Right after a brain injury, the body often needs lots of calories and protein. Individuals lose muscle mass because their brain is not working like it used to and because they aren’t moving and using their muscles. Many people with brain injuries lose weight after their injury. Severe brain injury can impair your loved one’s ability to recognize food or drink in their mouth and know how to chew and swallow. This can put your loved one at risk for food and drink going into their lungs instead of their stomach.

How does my loved one get the nutrition they need?

They may need a different way to get the nutrition they need to recover. Meeting the caloric and nutritional needs of a recovering brain requires a different approach, and it can take time to get the right kinds of nutrition.

What do you do if my loved one cannot eat by mouth?

When a person is not able to eat enough food, they can be fed by a tube placed into the stomach or small bowel. Shortly after their injury, the feeding tube may be put into the stomach through their nose. This is called a naso-gastric tube. If your loved one needs supplemental feeding for a longer period of time, your doctors may recommend a feeding tube that is placed directly into the stomach. This is called a gastric tube. It is through these feeding tubes that liquid nutrition or nutrition formulas can be provided to give your loved one the calories they need to support recovery.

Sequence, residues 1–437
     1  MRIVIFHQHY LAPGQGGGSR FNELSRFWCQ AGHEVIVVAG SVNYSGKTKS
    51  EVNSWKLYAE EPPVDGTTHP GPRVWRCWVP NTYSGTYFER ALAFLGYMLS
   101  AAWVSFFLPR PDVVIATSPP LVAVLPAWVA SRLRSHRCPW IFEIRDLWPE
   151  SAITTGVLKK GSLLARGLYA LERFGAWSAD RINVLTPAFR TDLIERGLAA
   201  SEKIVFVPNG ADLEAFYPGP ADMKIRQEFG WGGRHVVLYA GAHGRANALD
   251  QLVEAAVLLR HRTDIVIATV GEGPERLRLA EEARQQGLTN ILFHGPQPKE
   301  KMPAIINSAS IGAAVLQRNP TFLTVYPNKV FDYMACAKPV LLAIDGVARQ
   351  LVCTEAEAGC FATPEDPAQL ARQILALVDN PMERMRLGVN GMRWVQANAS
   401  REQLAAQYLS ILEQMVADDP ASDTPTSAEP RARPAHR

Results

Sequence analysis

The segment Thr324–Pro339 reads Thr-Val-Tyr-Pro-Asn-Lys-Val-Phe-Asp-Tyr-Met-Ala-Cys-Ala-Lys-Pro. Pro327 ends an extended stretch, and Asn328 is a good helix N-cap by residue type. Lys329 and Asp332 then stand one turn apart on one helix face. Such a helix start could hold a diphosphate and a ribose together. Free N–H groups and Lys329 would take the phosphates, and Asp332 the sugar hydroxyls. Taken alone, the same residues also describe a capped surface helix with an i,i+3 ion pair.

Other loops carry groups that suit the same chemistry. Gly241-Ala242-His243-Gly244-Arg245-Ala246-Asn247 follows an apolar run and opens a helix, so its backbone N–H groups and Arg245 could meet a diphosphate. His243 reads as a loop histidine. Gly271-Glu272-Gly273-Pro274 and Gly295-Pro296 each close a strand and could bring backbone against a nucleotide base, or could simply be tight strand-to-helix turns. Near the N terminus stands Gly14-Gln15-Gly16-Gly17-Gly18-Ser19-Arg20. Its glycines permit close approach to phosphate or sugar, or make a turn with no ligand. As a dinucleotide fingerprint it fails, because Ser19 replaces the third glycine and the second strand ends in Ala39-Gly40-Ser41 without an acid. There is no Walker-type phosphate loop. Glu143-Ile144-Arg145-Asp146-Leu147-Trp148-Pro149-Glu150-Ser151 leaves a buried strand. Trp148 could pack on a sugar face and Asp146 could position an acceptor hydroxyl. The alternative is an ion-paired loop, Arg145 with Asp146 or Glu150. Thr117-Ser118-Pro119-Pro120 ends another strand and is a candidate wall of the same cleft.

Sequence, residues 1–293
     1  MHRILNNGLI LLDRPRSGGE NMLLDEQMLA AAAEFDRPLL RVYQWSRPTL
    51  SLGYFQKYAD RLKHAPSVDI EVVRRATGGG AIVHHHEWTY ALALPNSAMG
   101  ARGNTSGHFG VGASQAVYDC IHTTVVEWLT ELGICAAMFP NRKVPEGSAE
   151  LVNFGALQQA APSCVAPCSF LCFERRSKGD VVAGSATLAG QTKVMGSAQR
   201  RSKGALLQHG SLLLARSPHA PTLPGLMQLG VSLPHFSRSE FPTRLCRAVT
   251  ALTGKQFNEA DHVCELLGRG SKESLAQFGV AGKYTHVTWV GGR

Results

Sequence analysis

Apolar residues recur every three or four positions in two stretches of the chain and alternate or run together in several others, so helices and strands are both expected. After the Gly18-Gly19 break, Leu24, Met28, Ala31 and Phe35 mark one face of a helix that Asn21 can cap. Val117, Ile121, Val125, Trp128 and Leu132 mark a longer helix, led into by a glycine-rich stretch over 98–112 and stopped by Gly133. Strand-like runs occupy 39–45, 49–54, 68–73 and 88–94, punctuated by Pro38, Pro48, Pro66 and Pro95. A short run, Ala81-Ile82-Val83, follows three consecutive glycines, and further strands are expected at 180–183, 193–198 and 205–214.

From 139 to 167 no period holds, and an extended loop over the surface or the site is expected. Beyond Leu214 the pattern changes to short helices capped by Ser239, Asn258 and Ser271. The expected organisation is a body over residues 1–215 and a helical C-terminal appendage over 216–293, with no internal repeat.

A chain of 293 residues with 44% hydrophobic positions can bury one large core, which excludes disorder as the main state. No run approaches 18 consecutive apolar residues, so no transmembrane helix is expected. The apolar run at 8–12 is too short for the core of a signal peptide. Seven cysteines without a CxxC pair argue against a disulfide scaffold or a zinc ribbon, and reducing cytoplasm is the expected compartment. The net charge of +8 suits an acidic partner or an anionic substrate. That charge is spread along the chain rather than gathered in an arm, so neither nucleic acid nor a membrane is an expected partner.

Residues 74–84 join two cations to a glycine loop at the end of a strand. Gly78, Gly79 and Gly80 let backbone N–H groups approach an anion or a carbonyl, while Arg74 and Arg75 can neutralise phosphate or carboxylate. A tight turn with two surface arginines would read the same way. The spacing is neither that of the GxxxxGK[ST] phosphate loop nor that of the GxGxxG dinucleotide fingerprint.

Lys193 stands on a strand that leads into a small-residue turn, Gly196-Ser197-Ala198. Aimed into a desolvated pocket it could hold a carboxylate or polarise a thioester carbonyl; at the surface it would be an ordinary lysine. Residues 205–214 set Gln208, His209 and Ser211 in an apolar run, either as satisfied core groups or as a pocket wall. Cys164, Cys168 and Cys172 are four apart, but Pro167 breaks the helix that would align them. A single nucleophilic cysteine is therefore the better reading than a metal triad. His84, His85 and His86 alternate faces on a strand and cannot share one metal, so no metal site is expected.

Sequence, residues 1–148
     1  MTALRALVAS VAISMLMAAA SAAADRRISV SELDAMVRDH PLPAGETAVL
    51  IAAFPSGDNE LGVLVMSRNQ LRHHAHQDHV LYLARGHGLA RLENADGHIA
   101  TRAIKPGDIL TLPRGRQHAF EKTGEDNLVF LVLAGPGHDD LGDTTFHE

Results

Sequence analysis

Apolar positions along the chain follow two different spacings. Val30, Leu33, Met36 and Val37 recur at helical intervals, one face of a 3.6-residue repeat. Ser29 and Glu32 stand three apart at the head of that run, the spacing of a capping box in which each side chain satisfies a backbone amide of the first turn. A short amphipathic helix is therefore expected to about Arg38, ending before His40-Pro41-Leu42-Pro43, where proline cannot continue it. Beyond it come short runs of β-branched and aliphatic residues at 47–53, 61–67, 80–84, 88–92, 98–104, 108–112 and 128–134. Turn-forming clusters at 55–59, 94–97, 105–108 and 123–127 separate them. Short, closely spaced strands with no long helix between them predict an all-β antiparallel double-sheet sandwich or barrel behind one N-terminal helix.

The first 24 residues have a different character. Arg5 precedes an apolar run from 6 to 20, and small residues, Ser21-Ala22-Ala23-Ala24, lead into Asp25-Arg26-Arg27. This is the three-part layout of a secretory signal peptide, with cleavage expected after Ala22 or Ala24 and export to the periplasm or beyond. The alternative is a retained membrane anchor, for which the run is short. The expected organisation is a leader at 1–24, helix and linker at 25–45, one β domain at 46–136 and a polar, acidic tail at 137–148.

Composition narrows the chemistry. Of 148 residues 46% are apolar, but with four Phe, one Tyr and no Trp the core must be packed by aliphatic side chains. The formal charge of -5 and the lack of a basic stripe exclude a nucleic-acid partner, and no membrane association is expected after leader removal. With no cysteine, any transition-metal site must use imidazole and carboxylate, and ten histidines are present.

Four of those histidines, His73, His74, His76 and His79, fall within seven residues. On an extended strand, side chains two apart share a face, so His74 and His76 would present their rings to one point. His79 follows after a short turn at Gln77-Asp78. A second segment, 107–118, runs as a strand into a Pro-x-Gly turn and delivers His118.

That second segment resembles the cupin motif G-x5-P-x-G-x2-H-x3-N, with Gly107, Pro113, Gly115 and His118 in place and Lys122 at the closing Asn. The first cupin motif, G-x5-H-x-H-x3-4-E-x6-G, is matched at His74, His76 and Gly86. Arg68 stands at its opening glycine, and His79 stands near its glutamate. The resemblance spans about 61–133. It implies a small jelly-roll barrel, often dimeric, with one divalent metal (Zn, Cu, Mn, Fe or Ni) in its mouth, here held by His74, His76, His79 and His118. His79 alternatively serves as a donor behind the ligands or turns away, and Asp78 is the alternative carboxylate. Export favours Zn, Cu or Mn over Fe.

There are many types and brands of tube-feeding formulas to make sure the person is getting everything their body needs to get better. The best one will be determined by your doctor or a dietician. Early on, it is sometimes hard to find the one that is going to work the best; and the process is often trial and error based on how your loved one is tolerating the feeding. For about 50 percent of severe brain injury patients, it has been shown that they have trouble tolerating any type of tube feeding. If this is the case, the patient may have signs of:

  1. Vomiting
  2. Abdominal/stomach distension
  3. Slowed ability to empty the stomach
  4. Reflux  

Studies show that there is a link between the central nervous system and the stomach not functioning well from severe brain injury. YourThe doctors will work closely to monitor these issues and provide appropriate medical interventions.

When will my loved one eat?

There are also many ways that tube feeding is given and again your doctor will make that decision based on your loved one’s medical needs and ability to tolerate the feedings. Below are the different ways that tube feeding can be given. This is done mostly by a feeding pump and gravity.

  1. Continuous feedings are given hourly over a 24-hour time frame.
  2. Cyclic feedings are given over a period of less than 24 hours.
  3. Intermittent feedings are given over 20-60 minutes, every 4-6 hours with gravity.
  4. Bolus feedings are given in a 4- to- 10-minute period using a syringe or gravity drip. 

As the person can eat more on their own, the tube feedings are slowly reduced. They may be used on top of what the person is eating on their own to make sure their body is getting everything it needs.

More Information About Tube Feeding and Nutrition

From Shepherd Center on Vimeo



Tube Feeding (PDF)
From Shepherd Center

Basic information and how to operate a feeding tube.

Troubleshoot Feeding Tube Tips (PDF)
From Shepherd Center

Nutrition information and tips on troubleshooting potential feeding tube issues.

Disorders of Consciousness Patient/Family Manual (PDF)
From Spaulding Rehabilitation Network

Nutrition and feeding tube information is on pages 14 and 15.